Power of Culture Blog
NEFA’s Creative Playground for LCCs & Cultural Districts
CreativeGround: Connect with Creative New England
How Dr. “The Machine” Jesse Green sculpts confidence in young minds
Over the last two years, more than 100 Local Cultural Councils (LCCs) have supported Dr. “The Machine” Jesse Green’s project. Hear from the Master Sculptor how his message inspires young people to follow their dreams.
CHAINSAWS, CHEESEBURGERS AND ROCK N’ ROLL. You may think these things have nothing in common but 46-year-old Medway, MA artist, Dr. “The Machine” Jesse Green has sculpted (and grilled) those key ingredients into the greatest motivational show in town. I booked a consultation with the good doctor himself to learn about his burger prescriptions, art school pedigree, and what kids across the state love about his message.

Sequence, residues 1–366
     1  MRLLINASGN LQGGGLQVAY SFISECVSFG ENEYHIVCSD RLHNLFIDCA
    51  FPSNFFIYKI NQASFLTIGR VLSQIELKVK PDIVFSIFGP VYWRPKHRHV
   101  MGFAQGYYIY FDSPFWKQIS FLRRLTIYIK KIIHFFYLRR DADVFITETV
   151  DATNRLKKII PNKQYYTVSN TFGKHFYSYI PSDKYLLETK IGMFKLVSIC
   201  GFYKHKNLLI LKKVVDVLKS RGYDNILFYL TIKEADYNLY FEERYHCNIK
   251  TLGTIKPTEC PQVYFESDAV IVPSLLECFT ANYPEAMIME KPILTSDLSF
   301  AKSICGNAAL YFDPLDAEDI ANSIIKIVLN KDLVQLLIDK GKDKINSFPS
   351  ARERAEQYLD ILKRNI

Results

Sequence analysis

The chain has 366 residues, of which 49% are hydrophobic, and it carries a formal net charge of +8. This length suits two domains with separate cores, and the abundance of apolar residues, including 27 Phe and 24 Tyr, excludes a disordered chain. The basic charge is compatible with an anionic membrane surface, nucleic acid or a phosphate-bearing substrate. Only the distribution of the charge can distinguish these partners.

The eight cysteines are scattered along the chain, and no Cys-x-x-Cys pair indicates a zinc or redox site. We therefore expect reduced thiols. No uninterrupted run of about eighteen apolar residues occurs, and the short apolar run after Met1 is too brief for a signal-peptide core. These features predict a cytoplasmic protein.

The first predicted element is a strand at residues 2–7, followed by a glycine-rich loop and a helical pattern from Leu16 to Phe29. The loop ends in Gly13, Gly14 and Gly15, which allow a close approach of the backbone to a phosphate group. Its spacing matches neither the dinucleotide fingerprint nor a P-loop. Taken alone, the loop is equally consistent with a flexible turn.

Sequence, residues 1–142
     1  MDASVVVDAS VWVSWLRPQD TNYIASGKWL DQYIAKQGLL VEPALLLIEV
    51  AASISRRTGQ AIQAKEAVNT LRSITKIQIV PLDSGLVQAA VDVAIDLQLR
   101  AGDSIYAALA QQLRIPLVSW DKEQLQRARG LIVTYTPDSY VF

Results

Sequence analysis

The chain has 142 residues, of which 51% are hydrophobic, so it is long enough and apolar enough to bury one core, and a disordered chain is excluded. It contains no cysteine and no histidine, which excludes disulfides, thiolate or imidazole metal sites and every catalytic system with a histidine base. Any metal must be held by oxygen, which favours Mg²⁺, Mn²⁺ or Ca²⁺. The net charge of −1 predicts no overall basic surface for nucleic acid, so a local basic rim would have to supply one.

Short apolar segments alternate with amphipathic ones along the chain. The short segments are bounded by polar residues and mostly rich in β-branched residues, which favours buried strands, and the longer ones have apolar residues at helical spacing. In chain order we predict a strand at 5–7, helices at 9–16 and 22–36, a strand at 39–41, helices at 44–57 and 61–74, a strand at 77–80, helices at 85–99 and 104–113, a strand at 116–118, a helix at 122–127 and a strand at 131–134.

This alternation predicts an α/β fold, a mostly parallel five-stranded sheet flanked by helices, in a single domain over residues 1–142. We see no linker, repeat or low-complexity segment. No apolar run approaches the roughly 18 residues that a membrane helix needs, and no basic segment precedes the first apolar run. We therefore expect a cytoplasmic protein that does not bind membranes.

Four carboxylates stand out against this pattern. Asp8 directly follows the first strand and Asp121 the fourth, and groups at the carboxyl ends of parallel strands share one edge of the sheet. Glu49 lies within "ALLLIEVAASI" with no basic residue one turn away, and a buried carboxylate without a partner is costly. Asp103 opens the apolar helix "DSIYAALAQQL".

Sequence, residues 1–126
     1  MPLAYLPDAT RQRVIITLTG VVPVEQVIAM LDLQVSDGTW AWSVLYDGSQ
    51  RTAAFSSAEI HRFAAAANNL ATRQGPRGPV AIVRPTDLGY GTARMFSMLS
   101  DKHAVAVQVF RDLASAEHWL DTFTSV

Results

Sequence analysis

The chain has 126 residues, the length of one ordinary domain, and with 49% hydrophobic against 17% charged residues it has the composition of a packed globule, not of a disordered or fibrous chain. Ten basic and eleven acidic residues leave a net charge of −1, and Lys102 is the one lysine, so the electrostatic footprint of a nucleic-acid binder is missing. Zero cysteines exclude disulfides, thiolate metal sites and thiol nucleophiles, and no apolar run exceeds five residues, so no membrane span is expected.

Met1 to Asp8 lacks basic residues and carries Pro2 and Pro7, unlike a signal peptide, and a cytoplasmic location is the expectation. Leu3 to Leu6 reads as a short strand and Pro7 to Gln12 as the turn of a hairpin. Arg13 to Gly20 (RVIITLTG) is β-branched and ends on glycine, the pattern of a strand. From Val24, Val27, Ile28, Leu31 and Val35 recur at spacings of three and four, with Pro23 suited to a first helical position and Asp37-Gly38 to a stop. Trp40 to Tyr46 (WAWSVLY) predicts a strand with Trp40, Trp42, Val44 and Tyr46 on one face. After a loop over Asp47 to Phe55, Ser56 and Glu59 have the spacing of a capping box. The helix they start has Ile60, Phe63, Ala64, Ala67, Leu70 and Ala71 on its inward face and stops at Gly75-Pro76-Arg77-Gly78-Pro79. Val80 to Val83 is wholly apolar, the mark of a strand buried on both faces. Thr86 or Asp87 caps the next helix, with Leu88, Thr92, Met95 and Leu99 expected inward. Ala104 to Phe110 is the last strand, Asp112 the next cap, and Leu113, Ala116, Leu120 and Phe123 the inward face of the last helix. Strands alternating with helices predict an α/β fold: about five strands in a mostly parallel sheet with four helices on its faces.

You’re a world-renowned Master Chainsaw Sculptor, a great speaker, you have an honorary Doctor of Arts degree from Keene State College, and you’re in a cover band. What is your first memory of getting involved with arts and culture?
Thanks so much! Well, chainsaw sculpting was born out of a love of cartooning. I was a cartoonist from ages 5-21 and originally went to art school at UMass Dartmouth as an illustration major. I lost my patience for 2D, [changed my major] to sculpture instead, and fell head-over-heels with chainsaw sculpting, which is a fun story…
We love fun stories at Mass Cultural Council. You’re a cartoonist, draw the picture for us.